However, a form that all experienced learners should know is the contraction of “desu” into “ssu” (っす). Commonly used in situations when one wishes to be casual without completely dropping honorifics, the “ssu” contraction is less formal than the polite form, yet more respectful than informal speech.
In specific circumstances – take a group of young guys who’ve met recently, or during club activities in school – the use of polite form is rather stilted, but dropping honorifics completely can be imprudent. “Ssu” comes in handy when speakers don’t know each other well enough to switch to casual form.
Use it as you would express yourself in polite form, like changing “そうですか” (sōdesu ka) to “そうっすか” (sōssu ka). Keep it mind that this form can come across as quite masculine, so use it sparingly.
9. Give good verbal responses
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This might be a no-brainer, good conversations involve giving appropriate verbal responses to show that you are paying attention.
“相槌” (aizuchi) are response tokens frequently used in Japanese to indicate that one is actively listening. If you have the opportunity to speak to a native, the first thing you’ll notice is that they give enthusiastic reactions.
Using response tokens like “ee” (ええ), “hee” (へー), “un” (うん), and “hai” (はい) is crucial to get conversations going.
10. Sentence-final particles
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Sentence-final particles are words affixed to the end of a sentence, often to convey the speaker’s emotions or to seek confirmation from the listener. When used right, you can graduate from stiff “textbook Japanese” and sound like a true-blue native.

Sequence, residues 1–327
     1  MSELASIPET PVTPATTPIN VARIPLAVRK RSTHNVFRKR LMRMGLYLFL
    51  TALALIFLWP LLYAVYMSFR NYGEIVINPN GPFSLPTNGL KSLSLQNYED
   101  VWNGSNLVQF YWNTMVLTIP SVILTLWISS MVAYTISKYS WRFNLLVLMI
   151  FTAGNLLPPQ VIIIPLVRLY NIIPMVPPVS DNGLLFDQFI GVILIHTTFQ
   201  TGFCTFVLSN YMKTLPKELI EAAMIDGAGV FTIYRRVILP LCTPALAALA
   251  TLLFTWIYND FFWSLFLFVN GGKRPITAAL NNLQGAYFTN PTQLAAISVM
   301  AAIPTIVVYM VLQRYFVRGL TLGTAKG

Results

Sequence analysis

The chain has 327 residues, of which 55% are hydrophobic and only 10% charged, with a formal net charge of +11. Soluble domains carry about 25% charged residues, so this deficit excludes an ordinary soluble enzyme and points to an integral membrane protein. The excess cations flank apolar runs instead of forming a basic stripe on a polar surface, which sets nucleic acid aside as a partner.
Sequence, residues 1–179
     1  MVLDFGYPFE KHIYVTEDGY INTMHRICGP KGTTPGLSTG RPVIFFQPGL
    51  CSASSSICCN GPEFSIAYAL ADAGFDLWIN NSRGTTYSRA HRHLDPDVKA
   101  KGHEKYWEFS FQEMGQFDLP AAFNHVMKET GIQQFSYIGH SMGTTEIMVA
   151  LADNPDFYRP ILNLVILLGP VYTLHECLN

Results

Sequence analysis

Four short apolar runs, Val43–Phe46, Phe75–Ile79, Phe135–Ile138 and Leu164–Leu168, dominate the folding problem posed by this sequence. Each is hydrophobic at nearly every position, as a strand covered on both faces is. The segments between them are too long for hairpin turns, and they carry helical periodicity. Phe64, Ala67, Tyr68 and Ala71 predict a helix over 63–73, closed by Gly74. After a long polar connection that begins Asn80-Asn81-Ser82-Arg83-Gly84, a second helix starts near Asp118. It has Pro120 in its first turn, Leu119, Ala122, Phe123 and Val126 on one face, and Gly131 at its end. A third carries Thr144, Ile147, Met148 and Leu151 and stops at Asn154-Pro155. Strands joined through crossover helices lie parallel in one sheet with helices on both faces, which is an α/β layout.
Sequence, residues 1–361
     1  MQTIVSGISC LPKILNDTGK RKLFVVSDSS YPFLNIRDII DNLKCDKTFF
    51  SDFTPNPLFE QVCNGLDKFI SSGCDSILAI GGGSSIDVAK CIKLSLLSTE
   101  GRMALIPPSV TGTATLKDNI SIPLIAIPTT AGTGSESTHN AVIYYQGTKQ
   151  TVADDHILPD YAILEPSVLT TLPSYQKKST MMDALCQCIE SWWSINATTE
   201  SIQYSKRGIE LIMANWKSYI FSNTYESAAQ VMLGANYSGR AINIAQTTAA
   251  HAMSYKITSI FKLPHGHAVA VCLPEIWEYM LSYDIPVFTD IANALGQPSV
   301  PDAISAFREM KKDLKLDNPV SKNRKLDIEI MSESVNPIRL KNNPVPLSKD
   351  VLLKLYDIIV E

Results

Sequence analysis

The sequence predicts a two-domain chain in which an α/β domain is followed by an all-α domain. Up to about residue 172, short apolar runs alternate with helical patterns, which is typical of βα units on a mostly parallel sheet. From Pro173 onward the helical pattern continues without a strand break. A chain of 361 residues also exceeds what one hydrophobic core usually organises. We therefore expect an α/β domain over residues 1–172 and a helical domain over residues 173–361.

Textbooks tend to start students off with basic particles like “yo” (よ) and “ne” (ね), but you can expand your language repertoire by incorporating commonly used particles. Attach “sa” (さ) for emphasis or “jyan” (じゃん) as a strong assertion marker.
Casual suffix “kke” (っけ) is useful when you are not sure about your memory and want to signpost that you are trying to recall. For instance, when you ask “どこに住んでいるんだっけ” (doko ni sun deiru dakke), it means that you’ve asked the question before but you can’t remember where the other party lives.
Grammatical rules are easy to understand, but proper usage can be difficult as they have specific functions. Try to listen to where and when the native speakers plug these into their speech.
11. Use more slangs
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Slangs are almost never taught in textbooks for a reason – they are informal words morphed spontaneously from pop culture and the internet. It’s hard to teach slang because they evolve so quickly.
But like any language, understanding slang is key to having a deeper understanding of Japanese culture and speaking like a local. Start incorporating them into your speech when you come across new ones in real life.
Instead of the standard “totemo” (とても), opt for “meccha” (めっちゃ) to express “very”. “Yabai” (やばい) can be loosely translated to “wicked” and used to describe both good and bad situations. Use “kimoi” (キモい), which is short for “kimochi-warui” (気持ち悪い), when you are disgusted by something.
New slangs constantly spring up on social media, so having a Twitter account may help keep you in the loop.
Useful tips to speak Japanese like a native
Mastering Japanese is not easy and requires consistent practice and hard work. Speaking fluently like a native is less about using the “correct” grammar and more about communicating effectively to get your message across. Hopefully, these tips can help you sound more natural when speaking Japanese. Ganbatte!
Check out these articles for more Japan related content:
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- Strange Japanese laws
- Weird Japanese mascots
- Japanese drinking games
Cover image adapted from: 46pic